* I always wondered why Doc Brown can just walk into the high school in the first movie and have absolutely no one question him in any way. Then I realized that in 1955, he wasn't "insane and probably dangerous loner" Doc Brown, he's Emmett L. "local(and "local (and slightly eccentric) millionaire who helped out with the Manhattan Project" Brown. He was initially thought up of favorably by the people of Hill Valley, until he put everything he had into his work and was shunned as a result.
** He also could've just explained it away that he was showing a relative / new relative/new prospective student (or both) around the place, being that handsome and charming young Calvin Klein fellow



* With all the changes Marty made in the first movie, how could he and Doc Brown be sure that the time the lightning struck the clock tower hadn't changed too? By noticing that the "Save the Clock Tower" Flyer doesn't fade like the picture does!
** Marty could not do anything in 1955 that may change ''that'' thing. Mother nature does not care if Lorraine falls in love with George, Biff or someone else, of if Marty vanishes into thin air or not.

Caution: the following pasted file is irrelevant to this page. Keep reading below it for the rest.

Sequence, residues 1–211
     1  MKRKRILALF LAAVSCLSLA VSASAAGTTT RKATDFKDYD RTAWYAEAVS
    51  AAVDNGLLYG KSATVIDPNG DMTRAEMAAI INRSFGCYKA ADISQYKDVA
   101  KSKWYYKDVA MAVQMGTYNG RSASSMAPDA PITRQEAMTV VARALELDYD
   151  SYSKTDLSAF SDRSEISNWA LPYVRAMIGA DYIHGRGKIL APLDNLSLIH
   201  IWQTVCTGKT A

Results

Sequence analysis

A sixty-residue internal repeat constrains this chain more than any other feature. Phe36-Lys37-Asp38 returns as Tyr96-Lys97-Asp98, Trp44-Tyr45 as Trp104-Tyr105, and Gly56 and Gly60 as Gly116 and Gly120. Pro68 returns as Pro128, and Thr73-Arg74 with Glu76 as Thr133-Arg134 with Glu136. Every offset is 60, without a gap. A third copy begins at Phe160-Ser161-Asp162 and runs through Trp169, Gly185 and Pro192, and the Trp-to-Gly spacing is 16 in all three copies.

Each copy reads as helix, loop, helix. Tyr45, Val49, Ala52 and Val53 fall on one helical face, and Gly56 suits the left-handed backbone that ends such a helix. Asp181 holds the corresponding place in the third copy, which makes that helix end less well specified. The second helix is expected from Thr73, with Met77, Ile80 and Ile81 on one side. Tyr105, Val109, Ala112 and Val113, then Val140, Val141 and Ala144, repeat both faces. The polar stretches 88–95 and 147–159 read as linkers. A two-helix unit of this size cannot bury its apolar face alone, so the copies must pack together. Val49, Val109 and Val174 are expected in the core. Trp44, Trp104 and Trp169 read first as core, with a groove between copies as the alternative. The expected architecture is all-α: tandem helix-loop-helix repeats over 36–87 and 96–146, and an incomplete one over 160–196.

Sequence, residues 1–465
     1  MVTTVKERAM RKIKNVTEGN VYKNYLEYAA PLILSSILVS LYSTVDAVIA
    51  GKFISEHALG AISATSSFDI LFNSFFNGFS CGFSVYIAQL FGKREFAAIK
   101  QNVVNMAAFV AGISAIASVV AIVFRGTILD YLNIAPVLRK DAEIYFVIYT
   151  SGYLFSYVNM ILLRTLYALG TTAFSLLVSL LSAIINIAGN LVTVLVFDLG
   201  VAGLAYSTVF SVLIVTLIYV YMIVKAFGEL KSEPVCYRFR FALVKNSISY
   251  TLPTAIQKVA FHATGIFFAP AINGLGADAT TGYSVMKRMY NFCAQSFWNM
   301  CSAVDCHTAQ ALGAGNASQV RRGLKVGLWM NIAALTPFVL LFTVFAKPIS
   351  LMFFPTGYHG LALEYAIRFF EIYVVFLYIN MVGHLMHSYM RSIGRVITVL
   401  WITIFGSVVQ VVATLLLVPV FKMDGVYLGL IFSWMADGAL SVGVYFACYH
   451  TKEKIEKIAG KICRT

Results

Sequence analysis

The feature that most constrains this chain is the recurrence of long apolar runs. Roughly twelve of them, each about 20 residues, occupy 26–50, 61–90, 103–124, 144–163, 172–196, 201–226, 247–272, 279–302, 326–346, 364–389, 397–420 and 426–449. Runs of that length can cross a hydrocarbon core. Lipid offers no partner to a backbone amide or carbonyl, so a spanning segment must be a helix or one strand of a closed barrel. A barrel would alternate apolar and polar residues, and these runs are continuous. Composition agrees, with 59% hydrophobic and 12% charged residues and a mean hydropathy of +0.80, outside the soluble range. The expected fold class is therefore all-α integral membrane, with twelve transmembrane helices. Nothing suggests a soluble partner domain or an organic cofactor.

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* With all the changes Marty made in the first movie, how could he and Doc Brown be sure that the time the lightning struck the clock tower hadn't changed too? By noticing that the "Save the Clock Tower" Flyer doesn't fade like the picture does!
** Marty could not do anything
does! Of course, giving the current a place to travel might have prevented the clock from being damaged, in 1955 that may change ''that'' thing. Mother nature does not care if Lorraine falls in love with George, Biff or someone else, of if Marty vanishes into thin air or not.effect making it a crude lightning rod.



* What exactly WAS Doc's experiment with the clocks all being 25 minutes slow? Well, remember how Einstein's watch was 1 minuet slow because he'd been sent one minute into the future? Doc might be crazy, but he wouldn't put his beloved dog in danger by only testing the time-travel science on him alone. The clocks must have been some prior experiment, possibly testing the time-travel abilities of the Flux Capacitor itself, or maybe just testing sending inorganic matter through time and having it arrive unharmed. It's possible that the Delorean was more of the final stage of the project, when everything was guaranteed to work. He does seem pretty certain that the Delorean won't hit Marty and himself at the mall.